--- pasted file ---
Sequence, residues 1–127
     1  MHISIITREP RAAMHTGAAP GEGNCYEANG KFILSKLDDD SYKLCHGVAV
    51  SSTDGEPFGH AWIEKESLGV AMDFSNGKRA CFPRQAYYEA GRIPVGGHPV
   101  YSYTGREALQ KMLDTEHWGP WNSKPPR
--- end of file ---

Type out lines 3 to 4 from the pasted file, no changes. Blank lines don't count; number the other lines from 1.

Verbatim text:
    51  SSTDGEPFGH AWIEKESLGV AMDFSNGKRA CFPRQAYYEA GRIPVGGHPV
   101  YSYTGREALQ KMLDTEHWGP WNSKPPR